Puccinellia howellii

Common Names:
Howell's alkali grass
Growth Habit:
CPC Number:
Profile Contributors:
Edward Guerrant, Ph.D.
Fully Sponsored

Reference Links

ITIS - Tropicos - USDA Plants - Fish & WildLife

Participating Institutions

The following Participating Institutions are custodians for this species in the CPC National Collection:
Rae Selling Berry Seed Bank & Plant Conservation Programs

The conservation of Puccinellia howellii is fully sponsored.
Edward Guerrant, Ph.D. contributed to this Plant Profile.


A small cluster of mineral springs in Shasta County, California is the only place that the perennial bunchgrass Puccinellia howellii has ever been found. The total spring area is only 1.2 acres (about 52,000-sq. ft.), and the limited habitat makes this species particularly vulnerable to catastrophic events. This very specific habitat for Howell's alkaligrass is unfortunately located directly adjacent to a state highway and has been subjected to disturbances and destruction from garbage dumping, vehicle parking, accidents, road construction, road maintenance, and pollution. In the mid-90's, the California Department of Transportation (CalTrans) re-aligned the road resulting in the loss of 1,200 square ft. of habitat from one spring. To offset this destruction, CalTrans workers restored a section of another spring that had been disturbed by bridge construction and covered with fill in the 1950's. Transplantation of P. howellii into the restored area was initially successful, but as of 2001 competition from saltgrass (Distichlis spicata), a native but invasive and aggressive grass, is threatening the success of the restoration. The original disturbance in the 1950's allowed D. spicata to gain a foothold in the springs.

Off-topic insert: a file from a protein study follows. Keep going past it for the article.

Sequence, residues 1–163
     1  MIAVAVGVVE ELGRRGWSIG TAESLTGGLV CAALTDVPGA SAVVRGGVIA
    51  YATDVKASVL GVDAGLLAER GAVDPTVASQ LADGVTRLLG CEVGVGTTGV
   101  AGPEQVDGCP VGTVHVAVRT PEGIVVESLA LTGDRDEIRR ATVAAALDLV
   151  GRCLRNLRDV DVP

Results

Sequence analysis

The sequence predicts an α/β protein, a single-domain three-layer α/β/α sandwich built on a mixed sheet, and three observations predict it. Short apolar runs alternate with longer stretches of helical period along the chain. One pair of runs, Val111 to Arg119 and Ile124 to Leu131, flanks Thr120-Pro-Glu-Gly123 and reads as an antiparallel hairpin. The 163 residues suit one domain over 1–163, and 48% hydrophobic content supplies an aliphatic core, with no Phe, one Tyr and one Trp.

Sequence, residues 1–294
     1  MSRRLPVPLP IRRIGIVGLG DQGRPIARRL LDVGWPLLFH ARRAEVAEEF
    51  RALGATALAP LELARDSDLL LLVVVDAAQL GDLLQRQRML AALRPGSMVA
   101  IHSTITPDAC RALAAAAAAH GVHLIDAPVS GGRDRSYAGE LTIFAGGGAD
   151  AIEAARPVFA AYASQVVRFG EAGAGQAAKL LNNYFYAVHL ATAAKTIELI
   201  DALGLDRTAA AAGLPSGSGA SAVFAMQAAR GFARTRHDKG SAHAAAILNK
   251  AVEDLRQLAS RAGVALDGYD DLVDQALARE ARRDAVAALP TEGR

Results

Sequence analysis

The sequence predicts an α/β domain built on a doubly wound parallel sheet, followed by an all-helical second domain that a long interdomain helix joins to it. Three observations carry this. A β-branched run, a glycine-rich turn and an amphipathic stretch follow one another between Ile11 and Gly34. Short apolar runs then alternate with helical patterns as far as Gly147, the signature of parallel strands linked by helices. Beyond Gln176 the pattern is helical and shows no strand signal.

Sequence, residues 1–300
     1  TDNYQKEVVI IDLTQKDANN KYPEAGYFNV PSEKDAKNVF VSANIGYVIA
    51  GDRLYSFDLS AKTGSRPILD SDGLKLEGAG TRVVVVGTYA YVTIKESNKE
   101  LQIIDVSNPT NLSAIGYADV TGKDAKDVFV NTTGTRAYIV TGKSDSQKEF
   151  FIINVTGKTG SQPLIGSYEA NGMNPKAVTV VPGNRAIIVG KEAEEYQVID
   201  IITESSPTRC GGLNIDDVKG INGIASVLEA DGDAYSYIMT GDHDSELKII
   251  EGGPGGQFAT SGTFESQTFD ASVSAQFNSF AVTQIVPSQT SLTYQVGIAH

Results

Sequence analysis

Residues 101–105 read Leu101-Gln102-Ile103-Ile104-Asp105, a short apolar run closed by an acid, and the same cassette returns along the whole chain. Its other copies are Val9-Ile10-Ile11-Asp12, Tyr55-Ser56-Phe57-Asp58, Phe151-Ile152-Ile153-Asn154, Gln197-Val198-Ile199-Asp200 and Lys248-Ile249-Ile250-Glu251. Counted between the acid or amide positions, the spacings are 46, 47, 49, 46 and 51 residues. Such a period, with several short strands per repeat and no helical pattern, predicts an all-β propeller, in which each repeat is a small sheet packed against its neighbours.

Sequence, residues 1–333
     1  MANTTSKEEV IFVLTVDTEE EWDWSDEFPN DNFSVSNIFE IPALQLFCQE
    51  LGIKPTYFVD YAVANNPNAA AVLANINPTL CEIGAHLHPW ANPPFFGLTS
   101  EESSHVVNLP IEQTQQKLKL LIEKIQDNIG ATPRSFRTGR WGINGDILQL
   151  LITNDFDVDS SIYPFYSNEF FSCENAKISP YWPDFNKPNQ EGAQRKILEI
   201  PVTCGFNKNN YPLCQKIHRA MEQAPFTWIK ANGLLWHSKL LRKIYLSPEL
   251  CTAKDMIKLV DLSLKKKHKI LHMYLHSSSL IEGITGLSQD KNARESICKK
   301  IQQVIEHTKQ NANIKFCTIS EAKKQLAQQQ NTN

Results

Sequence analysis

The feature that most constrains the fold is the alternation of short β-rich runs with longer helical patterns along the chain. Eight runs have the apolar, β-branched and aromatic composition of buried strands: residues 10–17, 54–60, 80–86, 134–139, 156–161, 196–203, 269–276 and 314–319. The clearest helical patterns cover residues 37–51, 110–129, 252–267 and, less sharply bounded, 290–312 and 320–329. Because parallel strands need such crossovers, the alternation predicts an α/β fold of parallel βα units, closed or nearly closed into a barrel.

Protection of the site from further disturbance will be critical to the continued survival of Howell's alkaligrass. Although saltgrass has already invaded the disturbed areas, effective methods of control have been developed. Efforts must be made to ensure that further habitat disturbances do not give saltgrass additional opportunities to colonize. In this instance, it is abundantly clear that human caused disturbance has been the instrument of destruction. Protection of the springs will not only benefit this species and other native plants, but wildlife as well, as the springs are an important source of salt for local wildlife, especially the black-tailed deer (think salt licks) and the band-tailed pigeon. (Fulgham et al. 1997).

Distribution & Occurrence


Conservation, Ecology & Research